8

Twenty-plus year old STIs that really and truly have much life left are rare and expensive. The 7700 STIs are much more serviceable than most, hypothetically. They allow some make-one-good-one-from-two-bad-ones type stuff to be done where it's not practical otherwise. In practice most of them are trashed by now. The wear parts on pre-Escape Ergo are all ...


8

This is the classic "how long is a piece of string" question, where almost any answer is valid. At one end you have a frame. And enough skills and time to assemble a bike, along with the desire/need. If you can source every part you need from your spares boxes, then the cost is nothing more than your time. On the other end if all you have is a ...


7

I agree with Jeff that you are most likely looking at paint chips. The thing to look for in surface damage is torn fibers. To recap, carbon fiber is made from sheets of carbon fiber that are impregnated with resin. The structure is cured in a mold at high temperature and pressure. You need the fibers to be torn for the structure to be compromised. Damage to ...


7

These appear to be paint chips in areas of the bike where rock strikes are common. I don't see any evidence of delamination--a separation of the carbon fiber weave and thus carbon fiber damage. However, no amount of photo inspection can replace a hands on one. Were I to purchase a carbon fiber second hand, I would have a second opinion of the carbon fiber ...


4

I've finished a bike to nearly your exact specifications. I came into a Trek navigator 300 frame that I've converted as my "Grocery Touring" bike. Although I've taken curbed bikes and fixed them up for friends as a hobby, building a bike from scratch is much more rewarding and can be cost effective with some patience. I got impatient with ...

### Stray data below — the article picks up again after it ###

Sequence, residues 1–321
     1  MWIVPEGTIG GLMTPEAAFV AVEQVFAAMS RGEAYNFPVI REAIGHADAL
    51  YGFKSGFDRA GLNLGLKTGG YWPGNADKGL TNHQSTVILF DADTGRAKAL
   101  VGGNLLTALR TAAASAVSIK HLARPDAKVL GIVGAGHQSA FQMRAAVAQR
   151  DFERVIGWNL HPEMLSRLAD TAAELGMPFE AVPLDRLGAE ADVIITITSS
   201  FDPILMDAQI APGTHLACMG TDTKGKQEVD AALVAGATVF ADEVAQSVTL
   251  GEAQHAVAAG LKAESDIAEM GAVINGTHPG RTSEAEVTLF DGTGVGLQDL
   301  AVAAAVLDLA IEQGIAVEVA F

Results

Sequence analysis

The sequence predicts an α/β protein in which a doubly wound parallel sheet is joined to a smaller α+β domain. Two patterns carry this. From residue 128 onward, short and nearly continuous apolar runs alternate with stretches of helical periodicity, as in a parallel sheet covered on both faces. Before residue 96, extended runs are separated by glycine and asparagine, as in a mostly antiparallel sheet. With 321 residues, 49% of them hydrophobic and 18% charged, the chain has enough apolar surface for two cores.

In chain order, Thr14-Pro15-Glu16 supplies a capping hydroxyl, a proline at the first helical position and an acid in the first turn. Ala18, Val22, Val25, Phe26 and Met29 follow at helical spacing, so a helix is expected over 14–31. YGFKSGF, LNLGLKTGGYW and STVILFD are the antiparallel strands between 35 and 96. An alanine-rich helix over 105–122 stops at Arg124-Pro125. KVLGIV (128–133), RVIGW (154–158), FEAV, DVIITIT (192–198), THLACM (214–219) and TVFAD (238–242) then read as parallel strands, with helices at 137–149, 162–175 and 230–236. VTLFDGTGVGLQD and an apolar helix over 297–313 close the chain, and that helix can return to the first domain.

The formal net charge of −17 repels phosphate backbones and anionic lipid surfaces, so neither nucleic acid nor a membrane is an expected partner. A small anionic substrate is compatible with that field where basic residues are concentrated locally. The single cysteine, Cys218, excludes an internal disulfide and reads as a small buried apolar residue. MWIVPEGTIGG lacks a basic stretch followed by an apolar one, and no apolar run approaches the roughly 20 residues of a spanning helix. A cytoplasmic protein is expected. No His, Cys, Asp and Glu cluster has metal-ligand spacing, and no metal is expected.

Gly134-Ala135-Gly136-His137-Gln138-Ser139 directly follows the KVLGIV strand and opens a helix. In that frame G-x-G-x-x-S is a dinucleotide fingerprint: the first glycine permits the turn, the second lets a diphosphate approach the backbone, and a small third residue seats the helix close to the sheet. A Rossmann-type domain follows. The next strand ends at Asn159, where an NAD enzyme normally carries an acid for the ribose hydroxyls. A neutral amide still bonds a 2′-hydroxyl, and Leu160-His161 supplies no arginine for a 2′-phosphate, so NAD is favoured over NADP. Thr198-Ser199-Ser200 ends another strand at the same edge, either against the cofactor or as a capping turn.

3

A current 105 will almost surely be much better. A lot of improvement happened in those two decades. Even 105 is now 11 speed. Even though the top manufacturing processes with the stringiest tolerances may not be used for 105, it is still manufactured very well and uses good features introduced later. It will allow modern cassettes with larger gear ranges, ...


2

Looks like a great candidate for a rebuild and learning experience. The sticker on the downtube clearly says "CroMo" meaning an alloy of steel with trace amounts of chromium, manganese and molybdenum. Either way its still steel, but a different alloy. I have a concern in the stem - it looks to be very far out of the threaded headset, so do check ...


2

Focusing solely on Campagnolo compatibility: if you get an 8-10s Campagnolo groupset, it will require a different freehub body than Shimano wheels. In fact, 8s Campagnolo groups may require a different freehub standard than 9s and subsequent groups (although all 9s and later Campy groups except for the current generation Campagnolo Ekar use the same freehub ...


1

I'll approach the question by taking the listed parameters and offering some thoughts as to time/cost/ money. Overall, building up a working bicycle from a bare--or nearly so--frame is extremely satisfying experience interspersed with periods of frustration, disappointment and sometimes boredom when a project drags on too long (& who's to say what that ...


1

I would just be careful you know what you are getting yourself into. At the end of the day any older bike from that era will be heavier than modern carbon fiber and possibly aluminum bike, probably have less range on gears/bigger jumps in gearing, have less aero, and may not accept modern road wheels. I am a big proponent of a rider focusing on fitness ...


1

If you want fast with older components, you may want to consider a fixed-gear road bike. I'm adding this because it at least deserves a mention. It may take you a bit of experimenting to find the highest comfortable gear ratio for your area, but the weight savings gained by eliminating brakes, multiple chain rings, derailleurs, shifters and extra chain ...


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